The first phase includes a 60,000-square-foot UW Health clinic with parking,  and the remaining phases are a mix of housing, office, retail space and possibly  a public library branch.

Gorman said he’s about 75 percent done working out the clinic design with UW  Health, has submitted a TIF application with the city, is in discussions with  other potential tenants and will soon submit a general development plan  application, which will trigger a land use review process.

“It’s still a go as far as we’re concerned,” Marx said.

Old Pabst Brewery gets new life as beer lover’s dream hotel

By Nate Kuester, Channel 58, Milwaukee, WI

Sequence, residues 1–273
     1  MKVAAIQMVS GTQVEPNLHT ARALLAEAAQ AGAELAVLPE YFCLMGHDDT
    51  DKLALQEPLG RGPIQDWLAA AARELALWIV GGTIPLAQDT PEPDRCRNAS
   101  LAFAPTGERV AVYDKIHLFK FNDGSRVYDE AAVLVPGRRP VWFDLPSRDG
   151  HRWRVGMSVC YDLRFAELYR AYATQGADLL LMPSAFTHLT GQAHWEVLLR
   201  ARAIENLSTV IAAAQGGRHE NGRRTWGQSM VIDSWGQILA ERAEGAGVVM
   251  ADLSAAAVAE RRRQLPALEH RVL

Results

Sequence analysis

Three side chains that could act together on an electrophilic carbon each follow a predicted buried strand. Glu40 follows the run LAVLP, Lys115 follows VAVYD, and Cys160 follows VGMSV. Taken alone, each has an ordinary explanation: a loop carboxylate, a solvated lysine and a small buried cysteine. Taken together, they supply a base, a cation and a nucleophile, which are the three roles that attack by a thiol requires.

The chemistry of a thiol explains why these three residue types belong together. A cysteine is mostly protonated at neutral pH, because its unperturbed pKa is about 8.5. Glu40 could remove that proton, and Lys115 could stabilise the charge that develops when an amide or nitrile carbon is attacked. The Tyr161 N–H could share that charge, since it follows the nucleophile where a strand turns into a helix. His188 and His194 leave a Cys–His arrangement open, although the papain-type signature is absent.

December 16, 2013

MILWAUKEE — In 1996, the pabst brewing complex shut down. Suddenly ending production of one of the most iconic American beers at the facility. Now a unique hotel experience awaits the beer enthusiast.

“[The hotel is] Housed in the former Pabst brewery building,” said Brewhouse Inn & Suites general manager Peter Northard.

That’s where you’ll find the Brewhouse Inn and Suites, in the heart of Milwaukee. The brewery facility is now home to a truly unique hotel experience that celebrates the beer-crafting history.

“The building was actually built in 1882,” said Northard. “So this operated from 1882 to 1996 as the building in the Pabst complex of Milwaukee, that is actually where they brewed the beer.”

The amount of restoration and work to preserve the original life of the building is obvious from the amazing stained glass window–depicting King Gambrinus, to the brewing equipment still present, to the overall feel right from the moment you walk throught the front door.